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They are all privileged(??) x86 instructions.

  • sidt : Stores the Interrupt Descriptor Table Register (IDTR) content. (Red pill)
  • sldt : Stores the segment selector from the Local Descriptor Table Register
  • sgdt : Stores the Global Descriptor Table Register (GDTR) content.
  • str : Stores the segment selector from the Task Register (TR).

Their values are supposed to be different on VM compared to host. I've already run my tests and these techniques do not seem to work on a VMware Workstation 12.

All I'm asking is if someone else has encountered the same behavior.

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    can you explain a bit more about the topic? – Paweł Łukasik Jun 19 '18 at 9:03
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    Uhm, why not actually try it out? @PawełŁukasik the inquirer is referring to Redpill as devised by Rutkowska in or around 2007 to detect (not counter!) the presence of a VMM. Oh and aside from that it's not exactly about reverse engineering. – 0xC0000022L Jun 19 '18 at 11:46
  • @0xC0000022L thx. I've just wanted to author to update the post so it will be better quality but since it's not RE then it doesn't matter. – Paweł Łukasik Jun 19 '18 at 13:00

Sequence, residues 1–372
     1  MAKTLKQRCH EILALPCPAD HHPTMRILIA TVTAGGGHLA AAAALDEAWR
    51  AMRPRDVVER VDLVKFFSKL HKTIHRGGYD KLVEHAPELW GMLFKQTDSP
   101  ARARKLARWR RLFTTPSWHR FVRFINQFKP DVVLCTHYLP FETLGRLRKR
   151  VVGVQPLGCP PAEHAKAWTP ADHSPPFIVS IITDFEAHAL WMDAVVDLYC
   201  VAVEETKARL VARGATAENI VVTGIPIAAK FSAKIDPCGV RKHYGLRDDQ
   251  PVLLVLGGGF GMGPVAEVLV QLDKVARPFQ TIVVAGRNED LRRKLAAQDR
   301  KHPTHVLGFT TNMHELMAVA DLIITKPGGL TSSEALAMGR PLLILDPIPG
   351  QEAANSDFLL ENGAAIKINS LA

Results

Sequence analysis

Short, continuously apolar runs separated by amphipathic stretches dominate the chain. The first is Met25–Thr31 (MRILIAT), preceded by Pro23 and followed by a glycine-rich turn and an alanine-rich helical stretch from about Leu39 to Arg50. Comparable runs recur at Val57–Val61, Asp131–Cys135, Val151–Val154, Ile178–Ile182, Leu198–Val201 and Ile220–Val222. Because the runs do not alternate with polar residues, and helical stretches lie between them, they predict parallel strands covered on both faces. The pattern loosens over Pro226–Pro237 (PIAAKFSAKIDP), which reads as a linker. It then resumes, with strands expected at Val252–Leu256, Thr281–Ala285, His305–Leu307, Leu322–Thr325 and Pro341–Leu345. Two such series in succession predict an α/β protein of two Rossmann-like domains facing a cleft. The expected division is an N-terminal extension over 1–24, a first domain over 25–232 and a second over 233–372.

• @0xC0000022L Ok, hypothetically, you try to reverse a malware, and does not seem to run inside a vm, what do you do to neutrilise the anti-vm functionality??? black magic?? This have something to do with RE, right?except if you are a hardore elitist reverse engineer... – n1h1l Jun 19 '18 at 14:23
  • @n1h1l fair point. Still not exactly about RCE, but should be on topic. With four reopen votes, I'll cast the fifth so you can get an answer. Sorry, was offline for a few days, but there was actually just one vote missing now from high-rep users to reopen your question (without a moderator)! – 0xC0000022L Jun 24 '18 at 20:00
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These are not privileged instructions. What has changed is the manner in which the VM is running. Now with hypervisors, those values could well be the same inside and outside of the VM. They were never particularly reliable methods to detect VMs anyway.

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